Watchdog: Sarin, chlorine likely used in Syria in March 2017
THE HAGUE, Netherlands (AP) — The global chemical weapons watchdog said Wednesday that the nerve agent sarin and toxic chemical chlorine were "very likely" used as weapons in two attacks in central Syria in late March 2017, the latest confirmation of chemical attacks in the civil war.
The Organization for the Prohibition of Chemical Weapons said that its Fact-Finding Mission probing alleged attacks in Syria found that "sarin was very likely used as a chemical weapon in the south of Latamneh" in Hama province on March 24 and that chlorine was very likely used a day later at and near Latamneh Hospital.
The fact-finding team is not mandated to apportion blame. A joint UN-OPCW team that was tasked with determining blame for such attacks no longer exists after Russia, a close ally of the Syrian government, last year vetoed a U.N. Security Council resolution to extend its mandate.
The OPCW said its findings published Wednesday were based on witness testimony and analysis of samples.
The attack occurred as government forces, backed by planes and helicopters, were battling rebels in the area.
Days after the Latamneh attacks, sarin was used in a deadly attack at nearby Khan Sheikhoun, killing scores of people. That attack was blamed by the now-defunct joint UN-OPCW investigative team on Syrian government forces. Damascus denies responsibility.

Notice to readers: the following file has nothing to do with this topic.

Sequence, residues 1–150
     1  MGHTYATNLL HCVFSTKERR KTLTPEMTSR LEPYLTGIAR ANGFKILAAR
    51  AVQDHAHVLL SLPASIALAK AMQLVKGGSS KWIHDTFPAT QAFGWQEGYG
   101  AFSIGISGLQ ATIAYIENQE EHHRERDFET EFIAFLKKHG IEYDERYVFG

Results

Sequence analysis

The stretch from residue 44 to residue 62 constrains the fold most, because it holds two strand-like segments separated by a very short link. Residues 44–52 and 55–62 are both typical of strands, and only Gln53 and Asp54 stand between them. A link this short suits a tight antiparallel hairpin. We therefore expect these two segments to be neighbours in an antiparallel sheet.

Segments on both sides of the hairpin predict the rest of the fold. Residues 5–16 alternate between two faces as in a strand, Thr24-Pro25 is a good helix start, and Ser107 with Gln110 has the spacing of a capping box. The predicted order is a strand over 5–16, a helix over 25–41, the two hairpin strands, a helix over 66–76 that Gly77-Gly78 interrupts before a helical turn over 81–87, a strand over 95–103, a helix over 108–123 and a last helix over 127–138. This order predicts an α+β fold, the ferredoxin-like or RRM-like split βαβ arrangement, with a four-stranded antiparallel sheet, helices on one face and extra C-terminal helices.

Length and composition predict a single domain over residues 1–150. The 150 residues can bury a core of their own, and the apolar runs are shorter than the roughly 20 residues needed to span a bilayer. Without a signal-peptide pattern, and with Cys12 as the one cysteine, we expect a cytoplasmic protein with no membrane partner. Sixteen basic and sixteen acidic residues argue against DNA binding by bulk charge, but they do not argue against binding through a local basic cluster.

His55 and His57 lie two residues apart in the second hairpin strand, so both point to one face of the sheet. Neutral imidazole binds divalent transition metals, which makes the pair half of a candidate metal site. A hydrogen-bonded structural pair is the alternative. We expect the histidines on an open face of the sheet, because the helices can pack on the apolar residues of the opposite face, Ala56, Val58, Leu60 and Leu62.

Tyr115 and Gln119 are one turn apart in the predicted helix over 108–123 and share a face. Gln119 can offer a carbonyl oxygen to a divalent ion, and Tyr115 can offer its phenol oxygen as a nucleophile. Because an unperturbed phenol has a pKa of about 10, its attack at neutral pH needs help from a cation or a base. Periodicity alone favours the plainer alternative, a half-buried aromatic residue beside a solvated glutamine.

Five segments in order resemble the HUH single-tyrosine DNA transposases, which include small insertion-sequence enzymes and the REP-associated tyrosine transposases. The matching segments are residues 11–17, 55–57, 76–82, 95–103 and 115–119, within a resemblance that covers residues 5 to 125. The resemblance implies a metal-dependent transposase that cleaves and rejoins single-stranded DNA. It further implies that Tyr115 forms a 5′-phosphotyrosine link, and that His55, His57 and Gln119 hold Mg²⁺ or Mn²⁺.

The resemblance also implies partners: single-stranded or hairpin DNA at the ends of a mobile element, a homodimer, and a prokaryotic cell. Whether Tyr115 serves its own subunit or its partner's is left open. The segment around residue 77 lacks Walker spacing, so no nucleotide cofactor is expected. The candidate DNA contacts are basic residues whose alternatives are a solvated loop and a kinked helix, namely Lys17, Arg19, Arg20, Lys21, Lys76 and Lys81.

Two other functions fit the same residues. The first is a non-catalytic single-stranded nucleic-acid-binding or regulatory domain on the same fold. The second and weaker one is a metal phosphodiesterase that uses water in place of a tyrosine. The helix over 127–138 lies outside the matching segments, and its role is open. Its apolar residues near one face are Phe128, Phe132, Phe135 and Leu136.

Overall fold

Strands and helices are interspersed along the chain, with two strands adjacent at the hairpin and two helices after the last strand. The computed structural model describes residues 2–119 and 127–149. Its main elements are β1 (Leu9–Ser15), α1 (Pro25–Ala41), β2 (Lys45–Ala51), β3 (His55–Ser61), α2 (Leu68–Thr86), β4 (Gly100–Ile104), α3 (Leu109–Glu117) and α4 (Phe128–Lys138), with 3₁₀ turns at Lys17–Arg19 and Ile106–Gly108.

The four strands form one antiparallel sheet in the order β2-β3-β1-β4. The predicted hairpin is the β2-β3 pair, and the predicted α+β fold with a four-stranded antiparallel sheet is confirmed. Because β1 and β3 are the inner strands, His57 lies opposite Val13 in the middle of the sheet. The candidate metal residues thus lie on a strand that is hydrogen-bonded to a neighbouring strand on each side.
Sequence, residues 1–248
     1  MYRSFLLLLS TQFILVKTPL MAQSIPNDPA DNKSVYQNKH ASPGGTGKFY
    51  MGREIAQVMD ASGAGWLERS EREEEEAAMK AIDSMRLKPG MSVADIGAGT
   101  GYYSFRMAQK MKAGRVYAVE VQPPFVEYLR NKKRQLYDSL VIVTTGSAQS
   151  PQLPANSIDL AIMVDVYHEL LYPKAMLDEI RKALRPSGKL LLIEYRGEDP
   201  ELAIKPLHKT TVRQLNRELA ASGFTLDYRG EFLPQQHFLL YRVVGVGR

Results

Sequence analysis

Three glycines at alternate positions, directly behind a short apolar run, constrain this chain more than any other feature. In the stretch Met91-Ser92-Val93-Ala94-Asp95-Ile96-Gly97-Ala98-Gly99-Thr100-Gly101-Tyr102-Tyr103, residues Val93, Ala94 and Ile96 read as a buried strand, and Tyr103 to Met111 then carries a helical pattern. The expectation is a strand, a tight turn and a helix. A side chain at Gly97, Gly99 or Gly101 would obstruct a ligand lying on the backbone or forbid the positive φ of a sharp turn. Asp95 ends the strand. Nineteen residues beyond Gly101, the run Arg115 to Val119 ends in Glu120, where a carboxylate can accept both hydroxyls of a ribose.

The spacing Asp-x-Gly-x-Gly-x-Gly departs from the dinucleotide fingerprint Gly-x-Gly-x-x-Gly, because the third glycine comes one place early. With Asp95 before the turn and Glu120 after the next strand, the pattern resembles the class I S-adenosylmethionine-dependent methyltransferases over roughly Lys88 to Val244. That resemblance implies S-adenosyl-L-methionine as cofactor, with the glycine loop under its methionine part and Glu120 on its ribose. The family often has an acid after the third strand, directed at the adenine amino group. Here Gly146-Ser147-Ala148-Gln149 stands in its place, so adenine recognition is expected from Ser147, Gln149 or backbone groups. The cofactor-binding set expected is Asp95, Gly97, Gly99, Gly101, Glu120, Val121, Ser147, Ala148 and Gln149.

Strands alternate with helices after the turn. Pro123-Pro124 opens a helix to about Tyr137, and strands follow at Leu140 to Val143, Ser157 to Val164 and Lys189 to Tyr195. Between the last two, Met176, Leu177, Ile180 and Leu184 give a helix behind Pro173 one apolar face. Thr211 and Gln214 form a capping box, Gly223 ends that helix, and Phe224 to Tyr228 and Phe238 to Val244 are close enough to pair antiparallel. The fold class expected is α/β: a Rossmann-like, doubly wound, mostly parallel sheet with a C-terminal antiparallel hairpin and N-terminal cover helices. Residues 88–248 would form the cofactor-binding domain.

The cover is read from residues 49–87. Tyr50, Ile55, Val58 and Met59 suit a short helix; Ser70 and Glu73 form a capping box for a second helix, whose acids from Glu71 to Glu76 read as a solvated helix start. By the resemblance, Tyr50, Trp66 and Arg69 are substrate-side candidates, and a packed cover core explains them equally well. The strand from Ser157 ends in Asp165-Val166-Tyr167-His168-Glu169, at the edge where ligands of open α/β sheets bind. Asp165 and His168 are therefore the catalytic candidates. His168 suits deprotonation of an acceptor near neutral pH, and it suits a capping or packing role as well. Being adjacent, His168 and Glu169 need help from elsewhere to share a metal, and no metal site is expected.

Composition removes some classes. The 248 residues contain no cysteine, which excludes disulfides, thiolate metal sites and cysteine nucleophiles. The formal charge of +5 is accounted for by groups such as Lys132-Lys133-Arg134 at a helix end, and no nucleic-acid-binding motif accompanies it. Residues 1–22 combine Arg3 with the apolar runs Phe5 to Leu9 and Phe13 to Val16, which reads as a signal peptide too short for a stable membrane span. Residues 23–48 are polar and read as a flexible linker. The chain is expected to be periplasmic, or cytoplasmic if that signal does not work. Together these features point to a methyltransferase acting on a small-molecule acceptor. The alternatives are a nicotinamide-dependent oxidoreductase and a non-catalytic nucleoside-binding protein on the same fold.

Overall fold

Physicians for Human Rights reported the hospital attack last year, saying that the Latamneh surgical hospital — a facility built into a cave to protect it from airstrikes — was hit by multiple barrel bombs.
PHR said at the time that the attack only caused minor structural damage, but multiple sources inside the hospital testified that at least one of the bombs contained a chemical agent.
The hospital's coordinator told PHR that the attack and chemical exposure led to the death of one of the hospital's doctors, Dr. Ahmed Darwish, the group said.
Doctors Without Borders, also known as MSF, said the hospital in Latamneh was supported by the group. It said a bomb dropped by a helicopter hit the entrance of the building, and that information collected by the hospital's medical staff suggested that chemical weapons were used.
The OPCW is expected within weeks to announce the result of its investigation into a suspected chemical attack on April 7 on the town of Douma, near the capital. The United States, Britain and France blamed Syrian government forces and launched punitive airstrikes. Syria denied responsibility.